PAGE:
Mexico Foreign Minister Luis Videgaray walks through events that led to Mexican President Enrique Pena Nieto cancelling his visit to the White House.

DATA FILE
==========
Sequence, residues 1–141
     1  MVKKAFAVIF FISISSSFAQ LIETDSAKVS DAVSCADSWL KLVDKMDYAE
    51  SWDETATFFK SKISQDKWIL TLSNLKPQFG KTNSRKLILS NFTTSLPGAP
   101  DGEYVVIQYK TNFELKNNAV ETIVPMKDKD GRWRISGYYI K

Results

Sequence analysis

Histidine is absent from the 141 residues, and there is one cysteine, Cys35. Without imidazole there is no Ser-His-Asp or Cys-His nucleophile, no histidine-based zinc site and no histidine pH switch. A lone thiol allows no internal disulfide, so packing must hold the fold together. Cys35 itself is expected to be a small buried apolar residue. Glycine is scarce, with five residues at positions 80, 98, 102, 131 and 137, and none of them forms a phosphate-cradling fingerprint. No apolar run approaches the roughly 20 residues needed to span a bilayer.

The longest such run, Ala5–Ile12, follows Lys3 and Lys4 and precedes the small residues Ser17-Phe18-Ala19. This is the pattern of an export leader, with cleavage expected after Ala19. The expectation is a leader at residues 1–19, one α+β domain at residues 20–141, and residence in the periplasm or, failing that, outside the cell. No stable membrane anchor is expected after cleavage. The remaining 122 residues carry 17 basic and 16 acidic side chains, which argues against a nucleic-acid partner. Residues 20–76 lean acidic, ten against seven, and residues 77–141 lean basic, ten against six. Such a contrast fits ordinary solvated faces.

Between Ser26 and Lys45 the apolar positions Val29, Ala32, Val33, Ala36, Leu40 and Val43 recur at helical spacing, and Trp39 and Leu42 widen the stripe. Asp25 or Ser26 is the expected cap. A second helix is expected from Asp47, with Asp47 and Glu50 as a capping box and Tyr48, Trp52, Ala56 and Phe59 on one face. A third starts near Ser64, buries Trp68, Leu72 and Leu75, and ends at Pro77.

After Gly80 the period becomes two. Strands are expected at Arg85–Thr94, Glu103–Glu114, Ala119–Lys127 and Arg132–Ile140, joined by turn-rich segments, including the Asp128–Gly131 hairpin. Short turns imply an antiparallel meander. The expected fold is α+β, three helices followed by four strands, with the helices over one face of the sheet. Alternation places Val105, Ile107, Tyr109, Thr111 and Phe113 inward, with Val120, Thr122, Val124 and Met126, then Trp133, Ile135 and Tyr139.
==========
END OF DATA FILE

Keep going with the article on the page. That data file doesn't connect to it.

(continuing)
(ROUGH CUT - NO REPORTER NARRATION) (SOUND QUALITY AS INCOMING) A diplomatic spat between the U.S. and Mexico over who will pay for a proposed border wall with Mexico flared at the Mexican embassy in Washington on Thursday (January 26) evening. Luis Videgaray, Foreign Minister of Mexico, who had been in Washington to prepare for a meeting between Mexican President Enrique Pena Nieto and U.S. President Donald Trump said the meeting was called off by his boss. Trump had tweeted earlier that it would be better for the Mexican leader not to come if Mexico would not pay for the wall. He said later the meeting was cancelled by mutual agreement. The White House on Thursday floated the idea of imposing a 20 percent tax on goods from Mexico to pay for a wall at the southern U.S. border, sending the peso tumbling and deepening a crisis between the two neighbours. Mexican President Enrique Pena Nieto announced on Twitter around midday that he was scrapping a planned trip to meet with U.S. President Donald Trump, who has repeatedly demanded that Mexico pay for a wall on the U.S. border. Countries like Mexico would not pay such taxes directly. Companies would face the tax if they import products made there into the United States, potentially raising prices for American consumers. The idea is unpopular with retailers and businesses that sell imported goods in the United States. It also has met opposition from some lawmakers worried about the impact on U.S. consumers. Mexico ships 80 percent of its exports to the United States, and about half of Mexico's foreign direct investment has come from its northern neighbour over the past two decades. The United States runs a $58.8 billion trade deficit with Mexico, according to the latest U.S. government figures. But Mexico is also the United States' second-largest export market.